Fast kernel debugging for VMware, part 6: Roadmap to Future Improvements

Yesterday’s article described how VMKD currently communicates with DbgEng.dll in order to complete the high-speed connection between a local kernel debugger and the KD stub code running in a VM. At this point, VMKD is essentially operational, with significant improvements over conventional virtual serial port kernel debugging.

That is not to say, however, that nothing remains that could be improved in VMKD. There are a number of areas where significant steps forward could be taken with respect to either performance or end user experience, given a native (in the OS and in VMMs) implementation of the basic concepts behind VMKD. For example, despite the greatly accelerated data rate of VMKD-style kernel debugging, the 1394 kernel debugger transport still outpaces it for writing dump files. (Practically speaking, all operations except writing dump files are much faster on VMKD when compared to 1394.)

This is because the 1394 KD transport can “cheat” when it comes to physical memory reads. As the reader may or may not be aware, 1394 essentially provides an interface to directly access the target’s raw physical memory. DbgEng takes advantage of this capability, and overrides the normal functionality for reading physical memory on the target. Where all other transports send a multitude of DbgKdReadPhysicalMemoryApi packets to the target computer, requesting chunks of physical memory 4000 bytes at a time (4000 bytes is the maximum size of a KD packet across any transport), the 1394 KD client in DbgEng simply pulls the target computer’s physical memory directly “off the wire”, without needing to invoke the DbgKdReadPhysicalMemoryApi request for every 4000 bytes.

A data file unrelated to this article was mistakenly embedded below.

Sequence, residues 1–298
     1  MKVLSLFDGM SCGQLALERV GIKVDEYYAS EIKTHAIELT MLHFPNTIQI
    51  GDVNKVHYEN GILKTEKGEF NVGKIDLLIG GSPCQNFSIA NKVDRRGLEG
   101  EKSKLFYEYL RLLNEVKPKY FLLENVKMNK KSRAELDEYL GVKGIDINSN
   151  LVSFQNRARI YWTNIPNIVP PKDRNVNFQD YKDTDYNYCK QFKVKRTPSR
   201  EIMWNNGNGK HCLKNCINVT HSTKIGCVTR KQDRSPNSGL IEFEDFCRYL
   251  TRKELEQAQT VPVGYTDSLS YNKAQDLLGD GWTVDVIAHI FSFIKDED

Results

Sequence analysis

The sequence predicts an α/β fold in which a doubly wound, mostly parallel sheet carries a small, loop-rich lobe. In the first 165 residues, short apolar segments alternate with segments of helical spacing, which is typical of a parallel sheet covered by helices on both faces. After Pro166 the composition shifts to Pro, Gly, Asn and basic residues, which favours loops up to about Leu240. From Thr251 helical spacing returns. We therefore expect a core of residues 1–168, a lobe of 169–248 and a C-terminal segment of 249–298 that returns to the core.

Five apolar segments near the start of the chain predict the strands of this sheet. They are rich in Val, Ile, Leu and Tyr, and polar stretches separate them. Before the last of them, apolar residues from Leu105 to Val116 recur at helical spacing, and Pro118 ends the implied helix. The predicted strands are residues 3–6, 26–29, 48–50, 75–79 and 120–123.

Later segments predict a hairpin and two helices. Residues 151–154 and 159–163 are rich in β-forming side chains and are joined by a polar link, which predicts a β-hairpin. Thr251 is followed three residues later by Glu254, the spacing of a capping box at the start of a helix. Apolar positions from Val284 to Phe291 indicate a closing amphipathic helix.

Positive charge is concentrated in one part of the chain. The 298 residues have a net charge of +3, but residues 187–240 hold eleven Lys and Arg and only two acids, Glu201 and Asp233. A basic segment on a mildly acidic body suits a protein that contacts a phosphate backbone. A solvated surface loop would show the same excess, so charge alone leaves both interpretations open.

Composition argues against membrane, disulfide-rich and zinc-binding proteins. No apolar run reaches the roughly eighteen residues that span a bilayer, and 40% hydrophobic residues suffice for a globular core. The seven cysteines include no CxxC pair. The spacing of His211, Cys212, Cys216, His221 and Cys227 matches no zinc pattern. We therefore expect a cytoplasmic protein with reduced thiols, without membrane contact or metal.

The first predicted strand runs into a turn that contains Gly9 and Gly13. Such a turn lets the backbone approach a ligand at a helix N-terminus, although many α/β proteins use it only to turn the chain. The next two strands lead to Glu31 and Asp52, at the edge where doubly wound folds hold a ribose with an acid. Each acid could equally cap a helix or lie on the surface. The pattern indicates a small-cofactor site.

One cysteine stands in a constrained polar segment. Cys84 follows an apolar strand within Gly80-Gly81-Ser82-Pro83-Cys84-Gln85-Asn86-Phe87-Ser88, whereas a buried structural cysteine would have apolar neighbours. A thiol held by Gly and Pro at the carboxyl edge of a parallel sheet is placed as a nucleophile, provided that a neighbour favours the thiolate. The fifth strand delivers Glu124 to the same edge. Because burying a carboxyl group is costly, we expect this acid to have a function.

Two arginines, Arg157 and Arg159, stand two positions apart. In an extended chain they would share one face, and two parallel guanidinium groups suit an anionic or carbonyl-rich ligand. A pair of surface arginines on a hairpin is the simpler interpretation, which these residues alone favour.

This optimization turns out to present very large performance improvements with respect to reading physical memory, as a request to write a dump file is at heart essentially just a large memcpy request, asking to copy the entire contents of physical memory of the target computer to the debugger so that the data can be written to a file. The 1394 KD client approach greatly reduces the amount of code that needs to run for every 4000 bytes of memory, especially in the VM case where every KD request and response pair involve separate VM exits and all the code that such operations involve, on top of all the processing logic guest-side when handling the DbgKdReadPhysicalMemoryApi request and sending the response data.

The same sort of optimization can of course be done in principal for virtual machine kernel debugging, but DbgEng lacks a pluggable interface to perform the highly optimized transfer of raw physical memory contents across the wire. One optimization that could be done without the assistance of DbgEng would be to locally interpret the DbgKdReadPhysicalMemoryApi request VMM-side and handle it without ever passing the request on to the guest-side code, but even this is suboptimal as it introduces a (admittedly short for a local KD process) round trip for every 4000 bytes of physical memory. If the DbgEng team stepped up to the plate and provided such an extensible interface, it would be much easier to provide the sort of speeds that one sees with writing dumps based on local KD.